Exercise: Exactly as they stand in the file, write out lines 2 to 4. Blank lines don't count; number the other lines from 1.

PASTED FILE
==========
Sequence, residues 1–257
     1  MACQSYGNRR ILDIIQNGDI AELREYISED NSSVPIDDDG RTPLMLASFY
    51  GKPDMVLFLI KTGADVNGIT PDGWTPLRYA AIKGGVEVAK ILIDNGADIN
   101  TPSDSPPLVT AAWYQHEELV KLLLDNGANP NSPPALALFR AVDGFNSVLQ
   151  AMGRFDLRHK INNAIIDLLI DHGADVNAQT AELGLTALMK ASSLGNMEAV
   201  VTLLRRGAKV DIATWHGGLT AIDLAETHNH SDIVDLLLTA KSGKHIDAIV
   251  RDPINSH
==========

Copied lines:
     1  MACQSYGNRR ILDIIQNGDI AELREYISED NSSVPIDDDG RTPLMLASFY
    51  GKPDMVLFLI KTGADVNGIT PDGWTPLRYA AIKGGVEVAK ILIDNGADIN
   101  TPSDSPPLVT AAWYQHEELV KLLLDNGANP NSPPALALFR AVDGFNSVLQ